Your summary is exactly right. I’d word the final conclusion a bit differently. Eigenvalue repulsion gives a physical explanation for the density bound of one D0-brane per Planck volume. It also suggests an explanation for why Boltzman statistics should be used to calculate back hole thermodynamics. The presence of off diagonal elements between neighboring D0-branes breaks the permutation symmetry, so the D0-branes become distinguishable.

When I was working on my Ph.D. I wrote this paper and another which used RMT to explain why coincident wrapped D-branes join up to become a single D-brane with multiple winding. In that case I was able to actually do the calculations because everything was happening in just one dimension. The resulting D-branes could carry fractional winding momentum states which were necessary to explain some black hole entropy calculations done by others at that time. (I also wrote a matrix theory potential paper with Robert Helling during that time, but it had nothing to do with RMT.)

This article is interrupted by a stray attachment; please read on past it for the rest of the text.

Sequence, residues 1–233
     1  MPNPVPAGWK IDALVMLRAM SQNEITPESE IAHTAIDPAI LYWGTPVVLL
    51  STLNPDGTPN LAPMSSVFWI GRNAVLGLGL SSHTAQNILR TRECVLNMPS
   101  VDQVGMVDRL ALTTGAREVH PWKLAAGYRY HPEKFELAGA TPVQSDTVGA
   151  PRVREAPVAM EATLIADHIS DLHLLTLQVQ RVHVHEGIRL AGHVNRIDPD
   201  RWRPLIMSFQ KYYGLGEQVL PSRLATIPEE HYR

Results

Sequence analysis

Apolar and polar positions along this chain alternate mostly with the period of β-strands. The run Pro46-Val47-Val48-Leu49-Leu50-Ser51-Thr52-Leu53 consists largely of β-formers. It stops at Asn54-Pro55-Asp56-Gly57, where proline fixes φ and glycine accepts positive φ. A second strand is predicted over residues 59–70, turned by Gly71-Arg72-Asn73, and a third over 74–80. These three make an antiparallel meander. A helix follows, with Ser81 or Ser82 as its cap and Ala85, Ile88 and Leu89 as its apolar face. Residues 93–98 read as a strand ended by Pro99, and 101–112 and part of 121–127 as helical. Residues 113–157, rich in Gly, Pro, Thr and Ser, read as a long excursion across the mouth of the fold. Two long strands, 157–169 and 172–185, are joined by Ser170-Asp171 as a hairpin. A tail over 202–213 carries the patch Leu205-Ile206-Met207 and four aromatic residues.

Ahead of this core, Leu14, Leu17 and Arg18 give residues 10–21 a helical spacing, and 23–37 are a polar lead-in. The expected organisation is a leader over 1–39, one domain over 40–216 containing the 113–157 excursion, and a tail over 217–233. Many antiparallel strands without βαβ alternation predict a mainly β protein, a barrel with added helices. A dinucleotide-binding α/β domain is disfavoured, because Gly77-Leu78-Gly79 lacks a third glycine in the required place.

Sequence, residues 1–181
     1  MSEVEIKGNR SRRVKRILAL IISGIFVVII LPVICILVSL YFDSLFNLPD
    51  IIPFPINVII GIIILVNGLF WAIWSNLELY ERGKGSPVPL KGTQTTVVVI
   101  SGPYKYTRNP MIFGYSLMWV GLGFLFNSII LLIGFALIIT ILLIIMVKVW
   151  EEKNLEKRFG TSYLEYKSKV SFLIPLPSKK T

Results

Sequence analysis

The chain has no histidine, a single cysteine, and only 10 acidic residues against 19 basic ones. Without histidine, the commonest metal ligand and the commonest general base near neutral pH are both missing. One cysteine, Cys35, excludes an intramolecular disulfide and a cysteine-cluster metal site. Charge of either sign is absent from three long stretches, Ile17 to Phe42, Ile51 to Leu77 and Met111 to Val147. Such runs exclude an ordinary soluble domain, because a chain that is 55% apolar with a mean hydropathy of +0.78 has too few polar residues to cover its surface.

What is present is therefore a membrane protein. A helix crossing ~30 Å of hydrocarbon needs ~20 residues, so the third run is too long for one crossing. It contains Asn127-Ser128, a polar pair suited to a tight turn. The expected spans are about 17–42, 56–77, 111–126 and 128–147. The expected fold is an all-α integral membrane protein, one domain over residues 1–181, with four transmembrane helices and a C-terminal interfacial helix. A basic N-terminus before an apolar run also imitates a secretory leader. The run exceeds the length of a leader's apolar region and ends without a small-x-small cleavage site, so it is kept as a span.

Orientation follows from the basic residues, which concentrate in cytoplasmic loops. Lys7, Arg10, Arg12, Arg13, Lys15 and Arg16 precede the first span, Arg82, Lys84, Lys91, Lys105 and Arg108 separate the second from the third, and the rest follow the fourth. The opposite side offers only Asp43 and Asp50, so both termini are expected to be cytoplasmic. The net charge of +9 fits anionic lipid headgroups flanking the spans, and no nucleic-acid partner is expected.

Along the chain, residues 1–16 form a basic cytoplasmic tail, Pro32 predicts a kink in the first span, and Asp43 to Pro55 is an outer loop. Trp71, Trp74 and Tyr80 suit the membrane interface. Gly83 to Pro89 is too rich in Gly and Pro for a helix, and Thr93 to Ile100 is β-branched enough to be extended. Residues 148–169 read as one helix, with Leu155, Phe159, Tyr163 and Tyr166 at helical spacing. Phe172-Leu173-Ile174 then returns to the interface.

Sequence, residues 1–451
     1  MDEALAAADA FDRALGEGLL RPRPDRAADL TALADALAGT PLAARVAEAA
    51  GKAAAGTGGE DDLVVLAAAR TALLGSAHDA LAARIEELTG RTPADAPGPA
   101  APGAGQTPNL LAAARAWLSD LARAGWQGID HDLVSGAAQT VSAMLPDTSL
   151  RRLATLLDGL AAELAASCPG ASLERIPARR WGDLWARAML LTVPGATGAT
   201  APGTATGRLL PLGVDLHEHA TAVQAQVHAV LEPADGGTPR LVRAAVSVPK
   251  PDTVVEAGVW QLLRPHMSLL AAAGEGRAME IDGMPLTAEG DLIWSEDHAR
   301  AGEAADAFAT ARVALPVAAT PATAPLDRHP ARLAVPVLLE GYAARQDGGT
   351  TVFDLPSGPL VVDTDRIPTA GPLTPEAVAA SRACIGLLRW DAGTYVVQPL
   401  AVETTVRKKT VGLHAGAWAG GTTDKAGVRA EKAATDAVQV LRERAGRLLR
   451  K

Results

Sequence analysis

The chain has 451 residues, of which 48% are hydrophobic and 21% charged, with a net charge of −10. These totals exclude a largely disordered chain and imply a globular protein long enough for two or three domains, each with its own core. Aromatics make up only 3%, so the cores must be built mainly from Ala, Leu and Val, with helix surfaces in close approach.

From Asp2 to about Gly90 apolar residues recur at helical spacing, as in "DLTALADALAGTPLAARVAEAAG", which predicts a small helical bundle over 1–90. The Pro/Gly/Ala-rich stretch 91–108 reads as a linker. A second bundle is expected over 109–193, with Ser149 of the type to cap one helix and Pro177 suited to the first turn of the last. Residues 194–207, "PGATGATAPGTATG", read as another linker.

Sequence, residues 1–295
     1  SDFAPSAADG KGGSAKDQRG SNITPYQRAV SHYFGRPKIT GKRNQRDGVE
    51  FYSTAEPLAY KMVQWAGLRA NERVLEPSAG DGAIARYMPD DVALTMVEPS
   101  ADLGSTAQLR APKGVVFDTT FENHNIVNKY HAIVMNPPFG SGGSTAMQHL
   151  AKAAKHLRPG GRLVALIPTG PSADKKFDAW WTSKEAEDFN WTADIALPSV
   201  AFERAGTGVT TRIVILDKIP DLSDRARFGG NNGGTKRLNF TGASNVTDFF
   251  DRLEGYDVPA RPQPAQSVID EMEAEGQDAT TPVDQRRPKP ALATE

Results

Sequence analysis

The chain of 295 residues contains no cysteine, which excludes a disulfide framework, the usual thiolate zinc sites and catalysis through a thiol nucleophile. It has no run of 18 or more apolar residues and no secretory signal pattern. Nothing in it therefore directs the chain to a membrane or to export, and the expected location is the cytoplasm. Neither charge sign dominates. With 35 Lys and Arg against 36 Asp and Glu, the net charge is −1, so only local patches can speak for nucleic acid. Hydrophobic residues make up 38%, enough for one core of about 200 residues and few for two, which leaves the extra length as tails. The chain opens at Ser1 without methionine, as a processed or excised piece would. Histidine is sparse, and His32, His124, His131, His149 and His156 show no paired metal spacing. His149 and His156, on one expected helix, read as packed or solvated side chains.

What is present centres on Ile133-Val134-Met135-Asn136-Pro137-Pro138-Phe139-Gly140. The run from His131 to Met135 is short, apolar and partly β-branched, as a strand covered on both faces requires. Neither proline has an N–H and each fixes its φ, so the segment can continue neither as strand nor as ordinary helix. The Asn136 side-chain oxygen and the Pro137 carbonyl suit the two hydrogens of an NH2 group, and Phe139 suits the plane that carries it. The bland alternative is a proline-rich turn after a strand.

The eigenvalue repulsion idea was picked up by a few people, including Leonard Susskind in a paper on Matrix Theory Black Holes and the Gross Witten Transition. The idea was nice, but I didn’t feel that we were ever able to back it up with a real calculation when the D-branes were able to move in more than one dimension.

I got out of active research after those papers, but I’m returning to it now. I’m quite glad to have this coffee table and the new sci.physics.strings news group to help me get back into the conversation.


Posted by: Gavin Polhemus on April 12, 2004 4:49 AM | Permalink | Reply to this

Opps, dead link.

I messed up the first link in my post. It should go to Statistical Mechanics of Multiply Wound D-Branes.

Posted by: Gavin Polhemus on April 12, 2004 4:55 AM | Permalink | Reply to this

Re: Random matrices, M-theory and black holes

I wrote:

lower bound on any physically meaningful distance

You wrote:

I’d word the final conclusion a bit differently. Eigenvalue repulsion gives a physical explanation for the density bound of one D0-brane per Planck volume.